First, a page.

What to say to your friend if they’re depressed
Around 4,500 British men take their own lives every year
Did you know that International Men’s Day exists? Outside of the alt-right meninist blogs yelling that feminism has gone too far and boys are being marginalised, the 19th November is a date we don’t really feel like we need.
Perhaps that’s the problem. Men may have it good in most walks of life, but of the 6,000 lives lost through suicide every year, three quarters are men. There’s a tendency for men to think themselves invincible, and mental health issues aren’t something that fits the macho image.
Stephen Buckley, Head of Information at mental health charity Mind, thinks this is why young men find it so hard to talk about depression. “Men like to try to find ways of dealing with their problems independently rather than reaching out and sharing their problems,” he says: “This is perhaps why men are more likely than women to keep problems to themselves rather than seeking help.
“Because men are often more closed about what they’re thinking or difficulties they are facing, it can be harder to spot if a friend or family member is might be experiencing depression or anxiety.
“There may be certain things that trigger your friend or relative’s depression, for example, feeling stressed at work, relationship problems or money worries. You may be able to learn what their triggers are, or spot when they are starting to find things difficult, and encourage them to take action before it gets any worse.”
But how exactly are you meant to act if your friend is suffering? Here, Stephen gives us his tips on how to act around your mate if they’re depressed.
Encourage them to seek help
Perhaps the biggest part of the problem is the old-fashioned myth that “real men don’t cry,” which still prevents men from reaching out for support before it’s too late. One of the most important things that you can do is to encourage your friend, relative or loved one to seek appropriate treatment.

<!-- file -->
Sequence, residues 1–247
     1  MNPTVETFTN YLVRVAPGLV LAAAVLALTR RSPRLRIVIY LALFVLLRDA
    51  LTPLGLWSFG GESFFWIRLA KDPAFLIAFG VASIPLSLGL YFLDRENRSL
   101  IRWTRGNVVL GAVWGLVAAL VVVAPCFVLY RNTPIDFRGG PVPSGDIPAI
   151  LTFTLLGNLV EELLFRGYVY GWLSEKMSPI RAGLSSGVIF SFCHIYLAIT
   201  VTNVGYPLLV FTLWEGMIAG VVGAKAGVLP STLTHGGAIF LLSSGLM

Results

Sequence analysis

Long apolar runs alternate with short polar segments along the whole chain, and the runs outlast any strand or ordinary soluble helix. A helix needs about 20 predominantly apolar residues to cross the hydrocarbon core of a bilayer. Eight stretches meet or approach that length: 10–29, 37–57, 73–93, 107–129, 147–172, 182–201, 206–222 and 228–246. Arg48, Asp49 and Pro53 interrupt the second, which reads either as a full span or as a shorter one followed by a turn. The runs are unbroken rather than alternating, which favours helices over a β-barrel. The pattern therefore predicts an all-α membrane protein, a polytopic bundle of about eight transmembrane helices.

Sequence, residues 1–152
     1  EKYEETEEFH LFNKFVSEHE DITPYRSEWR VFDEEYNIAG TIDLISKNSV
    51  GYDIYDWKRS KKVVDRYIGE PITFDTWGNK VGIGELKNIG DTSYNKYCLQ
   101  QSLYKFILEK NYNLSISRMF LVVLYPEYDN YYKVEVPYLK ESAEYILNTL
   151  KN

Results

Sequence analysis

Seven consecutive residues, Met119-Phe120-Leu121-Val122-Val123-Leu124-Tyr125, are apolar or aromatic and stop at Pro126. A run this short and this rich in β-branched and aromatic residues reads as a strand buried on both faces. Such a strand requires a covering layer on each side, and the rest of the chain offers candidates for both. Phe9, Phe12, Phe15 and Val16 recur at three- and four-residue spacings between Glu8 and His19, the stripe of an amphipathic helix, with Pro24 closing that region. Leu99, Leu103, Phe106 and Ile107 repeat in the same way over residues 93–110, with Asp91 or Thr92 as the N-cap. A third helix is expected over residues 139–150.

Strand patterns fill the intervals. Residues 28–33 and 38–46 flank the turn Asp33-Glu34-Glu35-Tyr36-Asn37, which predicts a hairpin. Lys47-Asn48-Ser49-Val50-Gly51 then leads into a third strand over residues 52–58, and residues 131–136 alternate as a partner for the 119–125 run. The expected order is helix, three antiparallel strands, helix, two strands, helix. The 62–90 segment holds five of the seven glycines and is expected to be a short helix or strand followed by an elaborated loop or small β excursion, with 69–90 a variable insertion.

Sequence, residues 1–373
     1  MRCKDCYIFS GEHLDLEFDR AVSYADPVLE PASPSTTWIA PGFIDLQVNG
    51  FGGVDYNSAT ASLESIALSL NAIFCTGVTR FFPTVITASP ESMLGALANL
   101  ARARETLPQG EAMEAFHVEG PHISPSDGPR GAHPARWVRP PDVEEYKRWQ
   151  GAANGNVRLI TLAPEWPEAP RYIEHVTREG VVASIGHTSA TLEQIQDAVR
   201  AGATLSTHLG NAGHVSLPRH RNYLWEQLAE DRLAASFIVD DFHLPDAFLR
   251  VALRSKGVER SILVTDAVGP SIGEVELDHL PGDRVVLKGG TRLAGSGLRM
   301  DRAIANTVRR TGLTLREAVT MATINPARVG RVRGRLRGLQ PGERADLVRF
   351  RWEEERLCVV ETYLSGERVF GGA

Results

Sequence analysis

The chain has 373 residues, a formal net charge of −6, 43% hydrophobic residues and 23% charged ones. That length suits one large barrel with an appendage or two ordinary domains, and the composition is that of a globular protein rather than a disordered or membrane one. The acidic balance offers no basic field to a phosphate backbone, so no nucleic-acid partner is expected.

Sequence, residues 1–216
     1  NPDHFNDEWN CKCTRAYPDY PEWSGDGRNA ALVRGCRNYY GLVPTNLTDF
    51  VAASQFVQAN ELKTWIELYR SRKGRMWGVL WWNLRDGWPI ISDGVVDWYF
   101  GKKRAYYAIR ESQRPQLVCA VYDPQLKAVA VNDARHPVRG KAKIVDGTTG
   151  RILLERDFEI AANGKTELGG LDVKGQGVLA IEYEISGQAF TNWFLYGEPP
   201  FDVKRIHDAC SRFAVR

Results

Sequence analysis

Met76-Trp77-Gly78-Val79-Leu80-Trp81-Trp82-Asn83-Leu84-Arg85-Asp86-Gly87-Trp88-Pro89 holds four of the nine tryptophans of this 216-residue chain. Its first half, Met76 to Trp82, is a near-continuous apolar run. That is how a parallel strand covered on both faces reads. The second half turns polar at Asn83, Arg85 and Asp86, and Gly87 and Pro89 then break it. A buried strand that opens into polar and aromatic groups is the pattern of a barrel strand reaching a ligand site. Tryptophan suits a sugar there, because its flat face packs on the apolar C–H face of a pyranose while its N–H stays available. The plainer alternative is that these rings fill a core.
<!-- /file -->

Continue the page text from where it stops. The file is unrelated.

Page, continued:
You can reassure them that it is possible to do something to improve their situation, but you need to do so in a caring and sympathetic way. Mind’s new campaign, Find The Words, provides support and advice on how to talk to your GP about your mental health.
Don’t blame them
Try not to blame the person for feeling anxious or depressed, or tell them to “pull themselves together.” They are probably already blaming themselves, and criticism is likely to make them feel even worse.
Someone with depression may get irritable, and be more liable to misunderstand others, or feel misunderstood, than usual; they may need reassurance in some situations, and you may need to be patient with them.
Talk about it
It takes a lot for someone to say “I need help,” but it doesn’t hurt to raise the subject yourself. Sometimes you don’t have to explicitly talk about mental health to find out how they are doing – it can be as simple as texting them to say hello, or finding time to do something together that you both enjoy.
Time to Change, the anti-stigma campaign run by mental health charities Mind and Rethink Mental Illness, has useful tips for having conversations about mental health.